Worldaware Business Awards 2004

Two hundred people attended the Worldaware Business Awards last Thursday, 22nd January at the Royal Society, London SW1 celebrating entrepreneurship and contributions to the community in developing countries.

The nominated Awards were won by:

Wongpanit Garbage Separation Recycle Plant (Thailand) for its work in using local people and local resources to tackle waste separation and recycling - P&O Nedlloyd Award for Infrastructure.

"Something that would be the envy of many towns and boroughs in the developing world. A terrific slogan that we can all learn from - looking for everything of value and everything of no value and turning it into value"

Jon Snow

Brebner School Chalk Ltd (Zambia) for its contribution to the local economy and provision, for the first time using local resources, of chalk for schools - UK Trade & Investment Award for Small Businesses.

"Brebner School Chalk realised that education and employment are important areas of development and took the initiative to produce a vital teaching aid resource, chalk"

Baroness Amos

Baker & McKenzie , the international law firm for its work in Vietnam and elsewhere providing help on trade developments and negotiation for developing countries - DTI award for Capacity Building in the Developing World.

"Helped countries like Vietnam to measurably increase their productivity and reduce poverty in a very short period of time"

Baroness Amos

Abebech Gobena Orphanage and School (Ethiopia) for its pioneering work in raising children and giving them life and work skills in one of the world's poorest countries - the Worldaware Award

"All of us in this room feel very humbled by some of the solutions that we hear today. So mind boggling simple, but immense. It reminds me of that old political statement that one person really can make a difference, in such extraordinary circumstances"

Andrew Fraser, Mitsubishi

"She has no children of her own, but has a family of 450,000 people. Most are orphans from the HIV/AIDS epidemic, civil war, poverty and drought. So it's no wonder that she's been referred to as 'The Mother Teresa of Africa'

Baroness Amos

The Moroccan Association of Teachers in English (MATE) for its development of materials and networks for English Language teachers in Morocco - the British Council Award for English Language Skills.

"Knowledge of the English Language has never been as important as a tool for accessing education and employment opportunities as it is now. This event celebrates the work of so many extraordinary and inspirational people and organisations around the world. A fabulous occasion"

David Green, British Council

Special Commendations went to the Centre for Mass Education in Science for its work with young people and, in particular, girls in Bangladesh, the Community of Salinas for its development of local community infrastructure in Ecuador and the Indian Alliance for its work with the homeless and contribution to improving sanitation in Mumbai.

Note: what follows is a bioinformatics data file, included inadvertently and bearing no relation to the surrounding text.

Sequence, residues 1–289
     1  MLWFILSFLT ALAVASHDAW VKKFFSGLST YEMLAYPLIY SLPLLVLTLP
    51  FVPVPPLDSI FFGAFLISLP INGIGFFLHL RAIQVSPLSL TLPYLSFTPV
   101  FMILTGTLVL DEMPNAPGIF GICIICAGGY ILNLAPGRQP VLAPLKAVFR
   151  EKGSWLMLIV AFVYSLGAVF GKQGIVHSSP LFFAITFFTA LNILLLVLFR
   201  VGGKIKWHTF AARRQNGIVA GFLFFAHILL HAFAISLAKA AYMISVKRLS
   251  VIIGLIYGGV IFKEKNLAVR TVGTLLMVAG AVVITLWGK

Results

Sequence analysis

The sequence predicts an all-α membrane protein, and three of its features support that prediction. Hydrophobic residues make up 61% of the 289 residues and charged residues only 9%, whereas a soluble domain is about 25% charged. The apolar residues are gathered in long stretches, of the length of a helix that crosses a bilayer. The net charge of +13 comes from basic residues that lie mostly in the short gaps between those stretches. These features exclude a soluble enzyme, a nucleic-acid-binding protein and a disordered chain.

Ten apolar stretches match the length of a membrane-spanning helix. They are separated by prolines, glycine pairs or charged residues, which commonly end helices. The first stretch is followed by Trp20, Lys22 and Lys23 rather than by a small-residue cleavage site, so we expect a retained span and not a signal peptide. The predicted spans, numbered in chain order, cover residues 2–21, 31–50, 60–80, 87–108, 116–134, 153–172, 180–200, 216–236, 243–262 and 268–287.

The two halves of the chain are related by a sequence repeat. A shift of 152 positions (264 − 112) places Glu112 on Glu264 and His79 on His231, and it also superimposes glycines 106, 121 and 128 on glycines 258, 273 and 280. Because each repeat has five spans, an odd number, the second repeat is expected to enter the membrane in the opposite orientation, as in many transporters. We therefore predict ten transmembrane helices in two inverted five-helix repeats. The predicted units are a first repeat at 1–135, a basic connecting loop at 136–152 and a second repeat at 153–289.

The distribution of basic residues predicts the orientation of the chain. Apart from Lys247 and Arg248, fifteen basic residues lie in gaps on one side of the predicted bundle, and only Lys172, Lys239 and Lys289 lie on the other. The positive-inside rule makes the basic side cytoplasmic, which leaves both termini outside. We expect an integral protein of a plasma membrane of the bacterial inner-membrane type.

As Dr. DeAnne Julius, Chair of the Judging Panel* said,

"The Worldaware Business Awards reward those who encourage useful business activity and contribution to local communities. They show that even small organisations can have an enduring social and economic impact in the developing world. Things can change, even if slowly and on a small scale."

DeAnne Julius, and Jon Snow of Channel 4 News opened the event. Guests included representatives from the business world, the British Council and many Ambassadors and High Commissioners and this year, to our great pleasure, all the winners attended in person to receive the accolades and the award, a hand crafted wooden bowl. The Awards are sponsored by companies and by the government - a unique collaboration to reward achievement and to recognise the vital role which both governmental and commercial activity plays in supporting economic and social progress in the developing countries of the world.

All those presented with the Awards gave a short speech accompanied by slide presentation - the slides and heartfelt thanks of the recipients, many of whom have devoted their lives in the service of others by improving knowledge or developing skills, had the audience riveted throughout the hour and a half of the ceremony itself. This year, for the first time, the whole procedure was filmed and extensive coverage of the event is expected. Articles have already appeared in The Times and television coverage is imminent via CNN on the "Inside Africa" programme and on the BBC World Service Business News (Brebner School Chalk). Around 20 journalists attended on the day and a photographer was on hand. There was a terrific "buzz" about the whole event - a real sense of achievement and excitement that so much is happening in the world that is promoting self reliance, a spirit of entrepreneurship and an emerging sense of identity for organisations encouraging others in these in the developing countries of today. Our thanks to all the sponsors and to the winners who made the effort to come to London to receive the Awards.

The awards and those who presented them were as follows:

More information on the Worldaware Business Awards can be found at

Or for pr queries or more information and photographs of this year's Awards, the people who brought them about and the event itself:

General Enquiries:

Parmender Daniells, telephone 020 8686 8667

Thank you!

*Other members of the Awards Judging Panel were - David Green, The British Council, Sir Mark Moody Stuart, KCMG, Rosemary Righter, Associate Editor of The Times, Andrew Rogerson, Overseas Development Institute, Peter Berry, Crown Agents, Judith Unwin, BNP Paribas & Andrew Fraser, Mitsubishi (and President of Worldaware)